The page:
- Roman and Williams

Sometimes our walk-throughs of old buildings are intense — this room was semi-intact, on the windowsill was a folded up piece of newsprint with the horserace info of the day…. someone sat in this chair — waiting for that phone to ring — for who knows how long and no one ever moved a thing since they — you know…..disappeared into the ether….Modernism was born from being afraid and spooked by this sort of thing. Pretending that no one dies and that things never change. Well they do — and they do — and there is nothing wrong with it. Watch it and feel it passing through you — it’s called the present and it’s moving. It does not stand still and never will.

- Roman and Williams


Bibliothèque Design, just down the street a piece from Ace Hotel London Shoreditch, paid tribute to English engineering draftsman Harry Beck who in 1931 created the (now somewhat altered) present-day London Underground Tube map, uncommissioned, in his off-duty hours from the Tube’s Signals Office. As originally presented in Beck’s brief, Bibliothèque used only two colors, red for the Central line and black for the Northern Line, deleting those lines that require colors not loyal to the brief, leaving only a constellation of tentatively connected coordinates.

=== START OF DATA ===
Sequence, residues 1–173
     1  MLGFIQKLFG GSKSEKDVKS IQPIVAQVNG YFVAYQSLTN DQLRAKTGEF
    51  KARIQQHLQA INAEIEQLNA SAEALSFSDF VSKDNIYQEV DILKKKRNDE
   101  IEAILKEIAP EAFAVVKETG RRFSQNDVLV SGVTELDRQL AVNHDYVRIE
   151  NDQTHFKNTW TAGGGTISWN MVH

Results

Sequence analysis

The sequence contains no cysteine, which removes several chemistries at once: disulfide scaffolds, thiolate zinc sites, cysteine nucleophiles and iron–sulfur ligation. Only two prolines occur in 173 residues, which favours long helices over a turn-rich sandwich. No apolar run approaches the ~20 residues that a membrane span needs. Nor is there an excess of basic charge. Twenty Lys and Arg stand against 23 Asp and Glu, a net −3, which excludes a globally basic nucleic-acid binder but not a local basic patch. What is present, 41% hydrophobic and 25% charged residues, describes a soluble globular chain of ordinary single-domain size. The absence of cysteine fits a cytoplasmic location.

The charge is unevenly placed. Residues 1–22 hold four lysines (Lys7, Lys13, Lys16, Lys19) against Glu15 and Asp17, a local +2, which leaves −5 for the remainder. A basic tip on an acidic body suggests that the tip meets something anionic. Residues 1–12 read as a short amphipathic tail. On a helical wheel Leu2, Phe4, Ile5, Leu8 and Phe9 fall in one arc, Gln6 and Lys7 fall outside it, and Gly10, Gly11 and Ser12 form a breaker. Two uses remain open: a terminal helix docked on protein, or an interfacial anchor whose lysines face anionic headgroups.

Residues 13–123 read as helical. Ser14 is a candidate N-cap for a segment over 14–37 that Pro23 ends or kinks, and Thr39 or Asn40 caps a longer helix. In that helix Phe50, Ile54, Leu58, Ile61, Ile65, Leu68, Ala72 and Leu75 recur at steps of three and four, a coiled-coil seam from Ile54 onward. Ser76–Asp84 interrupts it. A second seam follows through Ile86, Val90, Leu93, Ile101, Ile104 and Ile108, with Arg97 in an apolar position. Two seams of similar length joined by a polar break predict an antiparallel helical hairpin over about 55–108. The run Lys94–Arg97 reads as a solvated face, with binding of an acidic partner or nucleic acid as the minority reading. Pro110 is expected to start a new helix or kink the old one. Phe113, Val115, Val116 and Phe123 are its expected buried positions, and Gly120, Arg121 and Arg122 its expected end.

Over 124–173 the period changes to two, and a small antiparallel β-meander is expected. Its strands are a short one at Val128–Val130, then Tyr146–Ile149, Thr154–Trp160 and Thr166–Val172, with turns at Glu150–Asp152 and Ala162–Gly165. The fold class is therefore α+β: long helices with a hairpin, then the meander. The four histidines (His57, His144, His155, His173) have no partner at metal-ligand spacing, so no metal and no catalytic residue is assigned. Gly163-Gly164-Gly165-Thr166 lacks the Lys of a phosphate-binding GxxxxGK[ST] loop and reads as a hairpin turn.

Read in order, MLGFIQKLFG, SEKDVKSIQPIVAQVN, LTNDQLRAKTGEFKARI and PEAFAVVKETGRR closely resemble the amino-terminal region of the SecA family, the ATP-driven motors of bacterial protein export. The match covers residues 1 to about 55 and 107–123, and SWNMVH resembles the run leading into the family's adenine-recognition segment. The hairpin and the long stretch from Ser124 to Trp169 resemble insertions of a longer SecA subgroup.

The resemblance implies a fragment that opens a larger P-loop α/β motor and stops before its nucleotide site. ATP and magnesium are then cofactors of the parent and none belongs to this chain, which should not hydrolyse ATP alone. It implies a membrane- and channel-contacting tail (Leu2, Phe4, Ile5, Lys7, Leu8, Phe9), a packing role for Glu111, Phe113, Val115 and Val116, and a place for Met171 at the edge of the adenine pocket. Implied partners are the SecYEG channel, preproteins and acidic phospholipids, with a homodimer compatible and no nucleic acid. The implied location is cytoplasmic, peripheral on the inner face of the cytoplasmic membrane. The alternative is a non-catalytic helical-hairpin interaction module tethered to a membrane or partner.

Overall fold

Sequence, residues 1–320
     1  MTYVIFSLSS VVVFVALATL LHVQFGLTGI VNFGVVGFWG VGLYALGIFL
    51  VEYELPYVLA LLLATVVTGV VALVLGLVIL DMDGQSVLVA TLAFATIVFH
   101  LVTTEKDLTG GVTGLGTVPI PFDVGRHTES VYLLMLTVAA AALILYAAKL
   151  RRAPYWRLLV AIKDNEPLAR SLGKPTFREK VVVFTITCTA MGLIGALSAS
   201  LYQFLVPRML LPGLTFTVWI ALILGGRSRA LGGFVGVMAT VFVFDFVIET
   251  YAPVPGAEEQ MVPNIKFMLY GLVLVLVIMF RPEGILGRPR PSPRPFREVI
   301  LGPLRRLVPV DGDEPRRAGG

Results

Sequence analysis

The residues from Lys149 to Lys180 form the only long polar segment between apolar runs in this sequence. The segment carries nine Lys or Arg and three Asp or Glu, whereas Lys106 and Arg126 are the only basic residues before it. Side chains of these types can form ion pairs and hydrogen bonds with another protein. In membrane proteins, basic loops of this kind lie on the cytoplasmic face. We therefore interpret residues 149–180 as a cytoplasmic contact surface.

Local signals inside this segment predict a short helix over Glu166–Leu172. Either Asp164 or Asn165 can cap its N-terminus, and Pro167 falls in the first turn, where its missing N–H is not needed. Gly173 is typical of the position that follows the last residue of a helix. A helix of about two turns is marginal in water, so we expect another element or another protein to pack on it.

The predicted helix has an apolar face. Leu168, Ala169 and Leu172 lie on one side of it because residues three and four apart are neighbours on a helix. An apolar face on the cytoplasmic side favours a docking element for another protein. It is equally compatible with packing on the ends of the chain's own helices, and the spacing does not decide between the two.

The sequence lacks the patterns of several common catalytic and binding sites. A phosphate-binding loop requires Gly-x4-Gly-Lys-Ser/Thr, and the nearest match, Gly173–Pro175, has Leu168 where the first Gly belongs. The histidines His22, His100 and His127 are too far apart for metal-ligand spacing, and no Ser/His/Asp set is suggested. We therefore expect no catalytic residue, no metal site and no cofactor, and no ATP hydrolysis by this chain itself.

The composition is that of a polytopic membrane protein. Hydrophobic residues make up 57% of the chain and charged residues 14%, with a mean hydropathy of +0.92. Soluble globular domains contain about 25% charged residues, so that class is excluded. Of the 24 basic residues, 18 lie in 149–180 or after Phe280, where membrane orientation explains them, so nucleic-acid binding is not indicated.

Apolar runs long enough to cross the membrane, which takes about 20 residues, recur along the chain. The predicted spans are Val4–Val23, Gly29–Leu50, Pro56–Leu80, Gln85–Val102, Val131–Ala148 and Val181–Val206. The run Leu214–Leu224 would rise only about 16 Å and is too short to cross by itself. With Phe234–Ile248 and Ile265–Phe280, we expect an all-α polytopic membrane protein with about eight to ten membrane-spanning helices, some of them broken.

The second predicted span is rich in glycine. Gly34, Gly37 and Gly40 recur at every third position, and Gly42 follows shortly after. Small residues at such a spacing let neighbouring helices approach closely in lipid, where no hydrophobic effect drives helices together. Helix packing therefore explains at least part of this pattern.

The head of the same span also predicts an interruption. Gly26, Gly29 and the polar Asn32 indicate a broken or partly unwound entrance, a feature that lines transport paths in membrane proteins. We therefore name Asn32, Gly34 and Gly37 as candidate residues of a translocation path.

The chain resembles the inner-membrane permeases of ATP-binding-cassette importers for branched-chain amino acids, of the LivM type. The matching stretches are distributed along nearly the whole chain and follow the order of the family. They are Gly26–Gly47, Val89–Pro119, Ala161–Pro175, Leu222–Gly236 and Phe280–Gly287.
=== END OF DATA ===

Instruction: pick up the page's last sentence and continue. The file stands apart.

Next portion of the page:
Beck’s radical proposal to create a stop-to-stop guide for Londoners rather than a geographically accurate representation of stop locations on a city map was seen as radical, even ridiculous, and was met with skepticism (like most good ideas). But the idea was posed to the public with a small pamphlet two years into Beck’s campaign and was, as they say, an instant classic.
Beck’s influence is recognized by graphic designers some seventy years later as a catalyst for user-friendly information design that followed its own instincts and logic, rather than cohering to established visual communication norms. A.A. Degani, in A Tale of Two Maps, suggested this year that Beck’s configuration of a “relaxed grid … which has a certain rhythm and charm” is “somewhat similar to the grid used by modern artists (such as Piet Mondrian’s painting Composition With Yellow, Blue and Red).”
Before such blue ribbons were awarded, Beck’s success with the Tube map alone boosted his confidence and conviction such that in 1951 he presented the Paris city government with a Beckified version of the Metro map he had drawn up in the late thirties, some fifteen years earlier. They thought the map scandalously radical and rejected it without public input — they weren’t to use a diagrammatic transport map until 1999. Poo poo, Paris! Beck’s iconic style is now the norm for transit and urban rail companies the world over.
Hats off to those who show up uninvited and reinvent the game.